The “Islamophobia” brigade suffered a high-profile casualty last week when Fayneese Miller announced her retirement in mid-2024 as president of Hamline University in St. Paul, Minnesota. The April 3 announcement came just over two months after Hamline’s faculty council called on Miller to resign for her failure to protect academic freedom at the school after a Muslim student complained about images of Mohammad being shown over Zoom to an art history class in late 2022.
Under Miller’s leadership, the school issued a statement accusing the professor, Erika López Prater, of engaging in “Islamophobic” conduct for showing the Muslim-drawn images and allegedly withdrew an offer for her to teach the next semester. The “Islamophobia” accusation leveled at López Prater prompted Hamline’s Faculty Council to call on Miller to resign as president in a January 23 vote.
“We completely disagree with that statement. We continued to be concerned with that statement,” Jim Scheibel, president of the Hamline’s Faculty Council told FWI.
Abdulrahman Bindamnan, a Yemeni Muslim and a Ph.D. student and ICGC Fellow at the University of Minnesota, said the controversy at Hamline “inspired a much-needed debate about the intersections between academic freedom and religious rights.”
After López Prater filed a lawsuit, Hamline’s trustees issued a statement admitting the school had made a “misstep” and affirmed the school’s commitment to academic freedom.
The issue of academic freedom was a central topic of discussion at the April 3 press conference where Miller announced her impending retirement and accused unnamed media outlets of promoting a “false narrative” of the controversy.
“Hamline University believes in academic freedom,” Miller said. “We believe in free speech. We believe in all those things and never has Hamline University violated anyone’s academic freedom. That is not who we are. We have never violated anyone’s free speech.”
Miller did not provide any detail to support her narrative, citing the ongoing litigation, adding that her lawyer was in the room for the press conference. “I will tell you that I’m chomping at the bit to tell the story, chomping at the bit to tell the story. But I know I’ll get in trouble if I do,” she said.
News of Miller’s retirement prompted outrage on the part of the local chapter of the Council on American-Islamic Relations (CAIR) which had come to her defense when the controversy broke in late 2022. “This is a forced resignation,” said Jaylani Hussein, CAIR-MN’s executive director.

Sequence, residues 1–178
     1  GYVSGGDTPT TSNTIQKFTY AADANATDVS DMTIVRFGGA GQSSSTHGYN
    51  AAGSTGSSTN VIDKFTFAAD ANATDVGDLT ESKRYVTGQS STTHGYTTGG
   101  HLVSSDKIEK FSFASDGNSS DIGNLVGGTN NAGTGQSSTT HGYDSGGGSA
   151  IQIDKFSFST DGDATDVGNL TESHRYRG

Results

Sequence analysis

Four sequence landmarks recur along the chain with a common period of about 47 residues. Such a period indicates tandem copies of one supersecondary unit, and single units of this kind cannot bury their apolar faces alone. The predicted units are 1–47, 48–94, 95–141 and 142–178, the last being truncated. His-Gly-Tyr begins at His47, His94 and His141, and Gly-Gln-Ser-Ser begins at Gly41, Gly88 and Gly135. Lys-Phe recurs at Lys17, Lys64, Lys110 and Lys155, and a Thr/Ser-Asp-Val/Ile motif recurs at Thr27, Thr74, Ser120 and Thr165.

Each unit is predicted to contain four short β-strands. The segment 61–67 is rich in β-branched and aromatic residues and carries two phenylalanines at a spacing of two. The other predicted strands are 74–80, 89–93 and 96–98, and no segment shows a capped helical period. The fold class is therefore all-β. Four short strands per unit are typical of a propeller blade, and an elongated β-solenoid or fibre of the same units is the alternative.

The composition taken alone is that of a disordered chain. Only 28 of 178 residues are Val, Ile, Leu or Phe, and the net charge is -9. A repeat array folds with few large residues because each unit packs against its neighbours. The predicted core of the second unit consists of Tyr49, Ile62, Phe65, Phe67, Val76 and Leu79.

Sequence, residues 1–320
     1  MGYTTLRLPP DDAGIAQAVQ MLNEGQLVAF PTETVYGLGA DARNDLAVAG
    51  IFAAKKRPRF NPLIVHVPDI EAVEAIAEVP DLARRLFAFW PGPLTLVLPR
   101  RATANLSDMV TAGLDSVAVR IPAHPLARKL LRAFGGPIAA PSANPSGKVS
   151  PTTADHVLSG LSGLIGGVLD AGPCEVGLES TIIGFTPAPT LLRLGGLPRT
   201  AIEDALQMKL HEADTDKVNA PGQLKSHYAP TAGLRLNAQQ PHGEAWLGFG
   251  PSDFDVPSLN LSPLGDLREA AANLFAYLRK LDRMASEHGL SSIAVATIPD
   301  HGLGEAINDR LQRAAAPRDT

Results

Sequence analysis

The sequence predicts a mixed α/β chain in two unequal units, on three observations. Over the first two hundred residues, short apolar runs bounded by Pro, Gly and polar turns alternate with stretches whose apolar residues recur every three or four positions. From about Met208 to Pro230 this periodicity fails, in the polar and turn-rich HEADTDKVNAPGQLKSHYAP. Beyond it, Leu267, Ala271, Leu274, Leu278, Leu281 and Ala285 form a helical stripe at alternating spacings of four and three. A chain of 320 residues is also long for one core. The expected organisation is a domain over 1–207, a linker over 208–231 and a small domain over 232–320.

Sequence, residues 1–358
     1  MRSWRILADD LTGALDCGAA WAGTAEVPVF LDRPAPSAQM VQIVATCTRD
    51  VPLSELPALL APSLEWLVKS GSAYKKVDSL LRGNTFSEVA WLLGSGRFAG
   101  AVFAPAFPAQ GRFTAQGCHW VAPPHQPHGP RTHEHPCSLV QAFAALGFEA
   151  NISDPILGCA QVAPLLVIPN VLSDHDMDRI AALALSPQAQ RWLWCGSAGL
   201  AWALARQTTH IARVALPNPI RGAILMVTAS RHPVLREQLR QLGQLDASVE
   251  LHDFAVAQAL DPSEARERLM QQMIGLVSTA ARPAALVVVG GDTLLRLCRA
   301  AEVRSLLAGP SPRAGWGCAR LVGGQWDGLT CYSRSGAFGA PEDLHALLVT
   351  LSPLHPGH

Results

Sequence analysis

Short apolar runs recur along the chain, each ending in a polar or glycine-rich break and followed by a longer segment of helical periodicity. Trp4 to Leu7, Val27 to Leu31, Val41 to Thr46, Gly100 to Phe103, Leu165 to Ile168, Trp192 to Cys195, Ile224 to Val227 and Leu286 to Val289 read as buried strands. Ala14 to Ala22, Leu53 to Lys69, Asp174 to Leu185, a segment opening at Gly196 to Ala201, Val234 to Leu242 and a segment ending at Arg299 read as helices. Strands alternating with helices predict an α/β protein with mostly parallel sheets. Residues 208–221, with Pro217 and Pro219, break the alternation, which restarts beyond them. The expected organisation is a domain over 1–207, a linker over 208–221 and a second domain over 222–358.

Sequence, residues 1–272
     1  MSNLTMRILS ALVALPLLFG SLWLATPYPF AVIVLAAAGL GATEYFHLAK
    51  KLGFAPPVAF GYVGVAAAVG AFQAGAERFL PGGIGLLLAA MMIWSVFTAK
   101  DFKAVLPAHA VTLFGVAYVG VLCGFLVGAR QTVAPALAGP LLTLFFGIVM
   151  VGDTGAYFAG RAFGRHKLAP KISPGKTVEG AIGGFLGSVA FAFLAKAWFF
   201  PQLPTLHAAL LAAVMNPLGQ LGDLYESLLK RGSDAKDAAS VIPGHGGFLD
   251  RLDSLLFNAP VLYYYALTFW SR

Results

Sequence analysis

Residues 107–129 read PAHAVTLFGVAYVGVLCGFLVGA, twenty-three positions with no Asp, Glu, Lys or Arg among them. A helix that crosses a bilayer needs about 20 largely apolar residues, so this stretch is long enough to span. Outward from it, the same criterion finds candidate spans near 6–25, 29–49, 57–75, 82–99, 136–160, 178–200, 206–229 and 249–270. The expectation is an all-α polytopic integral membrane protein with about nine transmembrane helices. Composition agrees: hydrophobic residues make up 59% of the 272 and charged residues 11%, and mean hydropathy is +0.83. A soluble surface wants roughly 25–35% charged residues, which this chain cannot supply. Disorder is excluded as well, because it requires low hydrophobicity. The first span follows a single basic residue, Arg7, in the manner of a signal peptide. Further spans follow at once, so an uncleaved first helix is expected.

Miller disputed this characterization, declaring she is “never forced to do anything I don’t want to do” and that the primary factor behind her decision to “retire” is a desire to spend more time with her husband, who lives in Vermont and her son, who lives in Los Angeles.
“It’s time for my family to be together,” she said.
Miller downplayed the importance of the faculty vote in her decision to “retire,” suggesting that the support for her ouster was exaggerated in the press accounts.
“We had about 50, 60 people who either voted no, ‘abstain’ or did not attend the meeting,” Miller said. “So yes, but there’s a significant number of faculty who are on the other side. But also know that in the academia, if everyone in in the institution loves you as president, you have not done your job.”
Three or four of those who voted against the resolution calling for Miller’s resignation did so because they believed it did not address the actions of other administrators involved in the controversy, Scheibel told FWI.
Overall, there was “overwhelming” support for the resolution’s passage he said, adding that the faculty had previously called for a 360-degree review of Miller’s tenure at the school.
Hamline’s faculty was particularly troubled by the decision of Hamline Associate Vice President of Inclusive Excellence, David Everett, to call the display of the images of Muhammad in the art history class “undeniably inconsiderate, disrespectful and Islamophobic.”
“We believe more should be done,” Scheibel said in reference to Everett’s statement.
Hamline faculty members were concerned by the role played by officials from the Minnesota chapter of CAIR in stoking the controversy, Scheibel added. According to the lawsuit filed on behalf of López Prater, CAIR’s local executive director Jaylani Hussein suggested that as a result of the controversy the school could be the scene of violence similar to what was endured by staffers at Charlie Hebdo magazine in Paris in 2015 who were murdered by jihadists angry over the publication of insulting pictures of Muhammad. He allegedly made these comments at a meeting at the school on December 8, 2022.
“We were quite troubled by those comments,” Scheibel said. Hussein did not respond to a request for comment.
Muslim students at the school approached Scheibel and spoke quietly of their opposition to CAIR-MN’s involvement in the controversy.
“There were students who believe the protocol was followed,” Scheibel said, referring to the notice in the syllabus warning students that the images of Muhammad would be shown in class. “There was a warning and a recognition of their concerns.” These students did not believe it was blasphemous to show the drawings in an art history class and were offended by the “Islamophobia” charge leveled against López Prater.
“We believe strongly that you can have care for students and academic freedom at the same time,” Scheibel concluded.
FWI reached out to Miller for comment but received no response.
Dexter Van Zile is managing editor of Focus on Western Islamism.